Fallen by Lauren Kate
Release Date: December 8, 2009
Downloaded from Library:
December 1, 2010
Reading level: Young Adult
Mysterious and aloof, he captures Luce Price's attention from the moment she sees him on her first day at the Sword & Cross boarding school in sultry Savannah, Georgia. He's the one bright spot in a place where cell phones are forbidden, the other students are all screw-ups, and security cameras watch every move.
Even though Daniel wants nothing to do with Luce–and goes out of his way to make that very clear–she can’t let it go. Drawn to him like a moth to a flame, she has to find out what Daniel is so desperate to keep secret . . . even if it kills her.
-- from Goodreads.com
I have to be honest and say that the entire idea of this book just didn't appeal to me to begin with. Then, after reading good reviews and all the hype, I decided that it was growing on me. What pushed me over the top and helped me decide to pick it up and read it was the review that said it would resonate with Twilight fans. Yeah. I only read the Twilight series so that I could have an intelligent conversation with fans, explaining to them just why I detested the books.
Let me just say, that they weren't wrong about the comparison to Twilight. It was just as much of a struggle for me to get through. It was not fun.
First, the biggest complaint I had with the book was the writing style. I felt like I kept almost getting to the good part. There would be something happening, there would be interactions between people. Then suddenly, just as it was getting good, the narrative chopped off abruptly and then we got Luce thinking about the end of the scene at some other time. It felt like being jerked right out of a movie where I'm getting to see things unfold as they happen and the only way I get to know what happened in the good parts is to have someone else who actually got to see the whole movie tell me about it. I am a staunch believer that being told rather than shown is lazy writing. This went a step farther and just made me want to put the book down every other chapter.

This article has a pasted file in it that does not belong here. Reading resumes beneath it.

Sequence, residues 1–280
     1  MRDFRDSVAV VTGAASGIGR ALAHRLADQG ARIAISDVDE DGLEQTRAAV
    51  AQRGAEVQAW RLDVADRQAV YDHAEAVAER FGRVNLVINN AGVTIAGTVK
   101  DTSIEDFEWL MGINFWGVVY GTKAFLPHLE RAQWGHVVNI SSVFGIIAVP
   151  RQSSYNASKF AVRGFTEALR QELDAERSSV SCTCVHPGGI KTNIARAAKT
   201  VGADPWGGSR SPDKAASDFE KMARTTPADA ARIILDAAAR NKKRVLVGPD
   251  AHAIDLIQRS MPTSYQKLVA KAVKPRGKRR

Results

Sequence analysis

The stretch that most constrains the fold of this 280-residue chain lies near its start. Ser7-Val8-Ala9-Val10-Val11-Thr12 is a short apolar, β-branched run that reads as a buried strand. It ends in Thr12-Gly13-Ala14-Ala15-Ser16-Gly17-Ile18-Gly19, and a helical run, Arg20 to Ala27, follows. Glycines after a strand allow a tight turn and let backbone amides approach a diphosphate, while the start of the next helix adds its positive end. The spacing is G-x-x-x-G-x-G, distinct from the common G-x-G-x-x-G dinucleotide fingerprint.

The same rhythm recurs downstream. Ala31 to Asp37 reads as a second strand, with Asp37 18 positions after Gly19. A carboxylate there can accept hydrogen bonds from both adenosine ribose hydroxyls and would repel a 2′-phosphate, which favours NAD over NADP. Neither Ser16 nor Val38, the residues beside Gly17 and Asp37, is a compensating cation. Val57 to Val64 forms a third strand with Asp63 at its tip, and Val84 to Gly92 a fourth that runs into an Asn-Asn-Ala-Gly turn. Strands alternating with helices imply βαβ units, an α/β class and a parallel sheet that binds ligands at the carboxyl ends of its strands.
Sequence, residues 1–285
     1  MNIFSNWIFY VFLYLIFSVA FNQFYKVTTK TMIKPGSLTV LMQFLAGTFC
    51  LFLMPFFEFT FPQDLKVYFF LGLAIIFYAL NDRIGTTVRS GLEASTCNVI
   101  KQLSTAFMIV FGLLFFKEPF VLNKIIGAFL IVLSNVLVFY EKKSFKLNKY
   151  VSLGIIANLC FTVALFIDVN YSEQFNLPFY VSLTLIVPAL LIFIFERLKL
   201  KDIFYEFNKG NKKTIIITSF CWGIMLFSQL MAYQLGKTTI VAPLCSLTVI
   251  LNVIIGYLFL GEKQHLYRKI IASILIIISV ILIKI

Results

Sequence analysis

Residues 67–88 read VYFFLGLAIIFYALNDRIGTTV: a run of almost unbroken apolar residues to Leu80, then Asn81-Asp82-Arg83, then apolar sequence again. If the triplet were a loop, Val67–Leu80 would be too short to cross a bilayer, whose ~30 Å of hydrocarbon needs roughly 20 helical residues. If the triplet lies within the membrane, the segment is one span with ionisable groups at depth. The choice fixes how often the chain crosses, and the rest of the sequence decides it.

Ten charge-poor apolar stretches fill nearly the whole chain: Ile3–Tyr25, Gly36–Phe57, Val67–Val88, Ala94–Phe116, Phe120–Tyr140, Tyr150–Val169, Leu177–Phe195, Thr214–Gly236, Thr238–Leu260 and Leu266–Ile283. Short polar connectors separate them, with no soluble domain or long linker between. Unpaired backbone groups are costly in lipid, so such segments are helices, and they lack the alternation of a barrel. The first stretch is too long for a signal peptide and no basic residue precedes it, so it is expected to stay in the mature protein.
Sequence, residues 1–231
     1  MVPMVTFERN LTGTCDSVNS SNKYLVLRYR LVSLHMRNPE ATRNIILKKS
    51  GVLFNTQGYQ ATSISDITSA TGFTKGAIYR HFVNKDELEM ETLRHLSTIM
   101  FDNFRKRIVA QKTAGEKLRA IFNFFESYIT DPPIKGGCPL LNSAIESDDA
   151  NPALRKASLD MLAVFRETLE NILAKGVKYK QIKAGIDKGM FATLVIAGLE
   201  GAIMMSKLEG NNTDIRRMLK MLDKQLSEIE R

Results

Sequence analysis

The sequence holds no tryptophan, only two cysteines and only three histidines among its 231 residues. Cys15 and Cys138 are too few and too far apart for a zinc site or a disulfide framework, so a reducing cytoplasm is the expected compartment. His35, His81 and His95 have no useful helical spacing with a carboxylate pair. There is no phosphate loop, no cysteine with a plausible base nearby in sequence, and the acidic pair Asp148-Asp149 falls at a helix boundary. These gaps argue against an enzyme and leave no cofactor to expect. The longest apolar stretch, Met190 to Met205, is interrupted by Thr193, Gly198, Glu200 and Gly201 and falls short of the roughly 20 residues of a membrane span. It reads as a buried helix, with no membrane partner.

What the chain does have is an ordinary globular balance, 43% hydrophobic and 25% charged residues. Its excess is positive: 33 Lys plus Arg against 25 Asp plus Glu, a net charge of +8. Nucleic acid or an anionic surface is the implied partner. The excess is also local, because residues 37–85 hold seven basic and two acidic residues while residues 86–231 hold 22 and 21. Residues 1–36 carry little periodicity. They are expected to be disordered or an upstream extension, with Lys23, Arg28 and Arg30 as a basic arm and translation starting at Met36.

Second, my next biggest complaint was that I just didn't care about the characters. The fallen angel who is in love with the girl who dies and comes back every 17 years sound like tragic, fantastical characters. I expected the angel to be suave, mature, ancient souled, having learned the ins and outs of life throughout his many many years alive. I expected someone like possibly Angel from Buffy (even his tortured soul was realistic). What I received was a sullen, moody, brat who flips off the girl he supposedly loves the first time he sees her. Yeah, real mature. The girl he loves? Well I expected someone strong, beautiful, intelligent, with some sort of otherworldly air of a person who is reincarnated regularly. What I got was a weak, fickle, naive little girl who read like Bella Swan's little sister running off and getting into trouble to be rescued from every time I turned around. Why would an ancient, fallen angel love her? Why should I care when both of them are just pale shadows of greatness that could have been? The answer is, I didn't. I couldn't.
The entire world was dark and gloomy feeling all the time. It was sort of depressing and I didn't want to read it anymore when I was halfway through. Nothing happened in this dark, gloomy world either. At least half of the things that took place had no bearing on anything, let alone the plot which I don't think showed up until after many many annoying sessions of Luce asking questions nobody would answer. That got very old after a while but if it had been used to expose personalities or events or something other than coming across as filler to make the series into a 4 book thing I could have forgiven it. But all it did was add to my general frustration with the book.
It's been a difficult process to write this review -- I hate writing negative reviews -- so this is the last thing I will say. No real girl gets the flutters from every guy she meets just months after the guy she really liked went up in flames right in front of her. She gets terrified that it'll happen to other guys she likes and she avoids guys altogether. She doesn't stalk one and sneak out of school to meet another at a questionable bar. Sorry. This is one case of forcing characters to meet plot points and it doesn't work. It only gets 2 stars because according to my rating system 1 star means I put it down and didn't finish. However, so that I can have intelligent conversations with fans, telling them exactly why I detest this book, I read the whole thing.